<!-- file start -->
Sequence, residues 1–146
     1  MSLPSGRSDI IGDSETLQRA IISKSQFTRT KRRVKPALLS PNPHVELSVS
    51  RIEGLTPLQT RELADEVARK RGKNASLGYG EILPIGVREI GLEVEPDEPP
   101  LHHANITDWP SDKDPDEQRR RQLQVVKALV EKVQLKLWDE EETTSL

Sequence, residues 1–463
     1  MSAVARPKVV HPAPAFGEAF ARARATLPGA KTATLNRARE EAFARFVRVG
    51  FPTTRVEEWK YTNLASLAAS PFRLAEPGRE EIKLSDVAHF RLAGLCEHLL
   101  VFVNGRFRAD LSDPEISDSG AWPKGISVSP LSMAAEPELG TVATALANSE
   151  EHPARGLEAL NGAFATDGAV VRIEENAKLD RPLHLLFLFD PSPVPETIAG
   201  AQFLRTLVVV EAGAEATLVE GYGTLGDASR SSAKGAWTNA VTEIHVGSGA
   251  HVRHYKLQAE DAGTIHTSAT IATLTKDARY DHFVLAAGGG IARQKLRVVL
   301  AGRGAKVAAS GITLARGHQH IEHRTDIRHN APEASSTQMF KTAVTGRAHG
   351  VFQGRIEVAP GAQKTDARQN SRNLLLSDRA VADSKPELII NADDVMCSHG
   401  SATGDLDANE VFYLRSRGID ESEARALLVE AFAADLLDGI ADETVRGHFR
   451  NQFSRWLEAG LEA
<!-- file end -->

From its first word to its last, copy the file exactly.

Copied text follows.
Sequence, residues 1–146
     1  MSLPSGRSDI IGDSETLQRA IISKSQFTRT KRRVKPALLS PNPHVELSVS
    51  RIEGLTPLQT RELADEVARK RGKNASLGYG EILPIGVREI GLEVEPDEPP
   101  LHHANITDWP SDKDPDEQRR RQLQVVKALV EKVQLKLWDE EETTSL

Sequence, residues 1–463
     1  MSAVARPKVV HPAPAFGEAF ARARATLPGA KTATLNRARE EAFARFVRVG
    51  FPTTRVEEWK YTNLASLAAS PFRLAEPGRE EIKLSDVAHF RLAGLCEHLL
   101  VFVNGRFRAD LSDPEISDSG AWPKGISVSP LSMAAEPELG TVATALANSE
   151  EHPARGLEAL NGAFATDGAV VRIEENAKLD RPLHLLFLFD PSPVPETIAG
   201  AQFLRTLVVV EAGAEATLVE GYGTLGDASR SSAKGAWTNA VTEIHVGSGA
   251  HVRHYKLQAE DAGTIHTSAT IATLTKDARY DHFVLAAGGG IARQKLRVVL
   301  AGRGAKVAAS GITLARGHQH IEHRTDIRHN APEASSTQMF KTAVTGRAHG
   351  VFQGRIEVAP GAQKTDARQN SRNLLLSDRA VADSKPELII NADDVMCSHG
   401  SATGDLDANE VFYLRSRGID ESEARALLVE AFAADLLDGI ADETVRGHFR
   451  NQFSRWLEAG LEA